Following one of the most divisive elections in history, emotions are running high and run the gamut from exhilarated to despondent — naturally, this can make for a pretty contentious workplace.
As Rosalinda Oropeza Randall, an etiquette and civility expert and the author of “Don’t Burp in the Boardroom,” points out, “We are in charge of how we respond, behave, our attitude, and how we treat others.”
To help keep everything civil at work as we move forward from this election, she shares some simple but important dos and don’ts:
Do say something neutral and positive if a gloater makes wisecracks. Or smile and walk away.
Don’t mope around. The job still has to get done. Besides, it will show your boss that you can’t handle defeat.
Don’t prance around tossing daisies; restrict your victory dance for after-hours.
Don’t post outrageous comments on social media; keep it professional.
Don’t take company time to be on the phone or computer all day talking about the election results.
Do maintain a professional tone if you do discuss the election results at work.
Don’t rant and threaten to quit and move out of the country. Leave that to the celebrities.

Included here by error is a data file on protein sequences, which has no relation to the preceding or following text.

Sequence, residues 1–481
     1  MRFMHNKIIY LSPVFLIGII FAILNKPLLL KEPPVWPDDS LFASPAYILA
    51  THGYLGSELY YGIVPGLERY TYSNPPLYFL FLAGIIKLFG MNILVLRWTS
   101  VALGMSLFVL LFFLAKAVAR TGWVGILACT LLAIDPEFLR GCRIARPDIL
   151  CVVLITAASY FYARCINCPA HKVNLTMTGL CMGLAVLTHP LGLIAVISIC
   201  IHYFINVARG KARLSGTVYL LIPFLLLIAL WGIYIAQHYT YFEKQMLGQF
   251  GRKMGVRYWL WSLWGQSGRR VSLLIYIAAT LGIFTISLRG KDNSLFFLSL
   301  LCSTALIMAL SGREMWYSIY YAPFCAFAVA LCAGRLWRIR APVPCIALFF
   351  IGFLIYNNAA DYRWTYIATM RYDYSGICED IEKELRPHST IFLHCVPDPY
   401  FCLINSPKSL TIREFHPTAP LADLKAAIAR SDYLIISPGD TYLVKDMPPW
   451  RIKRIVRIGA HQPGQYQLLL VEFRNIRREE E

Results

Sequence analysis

Ultimately, it’s important to keep your career in mind. Don’t sabotage it with a few ill-chosen words or actions.
As an employee expressing yourself at work, you have fewer protections than you’d think — and if your boss doesn’t like what they hear, you could get fired for it.
Your company may have rules prohibiting political paraphernalia or using social media to express your political beliefs, so it’s always a good idea to get acquainted with your employee handbook.
And unless you signed some sort of contract that says otherwise, it’s likely you’re an at-will employee. This means that your job can be terminated without having to establish just cause.
Labour laws exist in this country to protect people against adverse employment actions due to discrimination, but very few laws exist that truly protect private-sector employees from getting fired for expressing their political affiliation. A handful of states, such as New York and California, have laws that offer protections for political affiliation, but even some of those are fairly limited.
What’s more, talking heatedly about politics at work could be construed as creating a hostile work environment, and people could file a harassment complaint against you for that.
At the end of the day, if all your politics talk could be construed as interfering with your productivity, that could be just cause for termination and should be avoided.
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